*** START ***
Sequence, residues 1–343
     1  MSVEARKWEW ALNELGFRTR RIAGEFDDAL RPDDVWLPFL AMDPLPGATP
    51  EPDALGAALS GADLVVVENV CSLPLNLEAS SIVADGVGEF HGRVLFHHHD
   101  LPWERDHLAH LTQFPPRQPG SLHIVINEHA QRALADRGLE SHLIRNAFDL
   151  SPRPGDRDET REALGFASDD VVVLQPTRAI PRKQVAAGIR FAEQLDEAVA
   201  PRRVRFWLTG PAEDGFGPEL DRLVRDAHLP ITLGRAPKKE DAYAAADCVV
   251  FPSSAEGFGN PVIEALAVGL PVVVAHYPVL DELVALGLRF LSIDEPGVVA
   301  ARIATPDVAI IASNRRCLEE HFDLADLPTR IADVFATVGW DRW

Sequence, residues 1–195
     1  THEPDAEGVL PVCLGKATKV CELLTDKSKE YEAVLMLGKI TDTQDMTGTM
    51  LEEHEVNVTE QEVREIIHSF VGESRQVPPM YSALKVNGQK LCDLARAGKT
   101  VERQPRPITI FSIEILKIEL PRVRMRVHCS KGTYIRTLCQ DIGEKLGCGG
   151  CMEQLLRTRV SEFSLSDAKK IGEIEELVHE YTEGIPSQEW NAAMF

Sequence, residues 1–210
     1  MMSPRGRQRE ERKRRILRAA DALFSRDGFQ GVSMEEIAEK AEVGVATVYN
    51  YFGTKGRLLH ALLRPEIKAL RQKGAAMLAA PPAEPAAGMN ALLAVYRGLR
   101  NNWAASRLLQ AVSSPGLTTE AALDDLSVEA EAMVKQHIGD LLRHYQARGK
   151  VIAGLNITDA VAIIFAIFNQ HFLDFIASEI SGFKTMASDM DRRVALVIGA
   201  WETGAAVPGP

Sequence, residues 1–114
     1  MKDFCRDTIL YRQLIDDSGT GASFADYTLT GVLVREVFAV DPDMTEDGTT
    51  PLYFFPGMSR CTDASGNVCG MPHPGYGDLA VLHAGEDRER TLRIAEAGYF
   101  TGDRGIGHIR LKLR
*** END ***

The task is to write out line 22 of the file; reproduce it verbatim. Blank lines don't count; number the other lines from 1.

    51  PLYFFPGMSR CTDASGNVCG MPHPGYGDLA VLHAGEDRER TLRIAEAGYF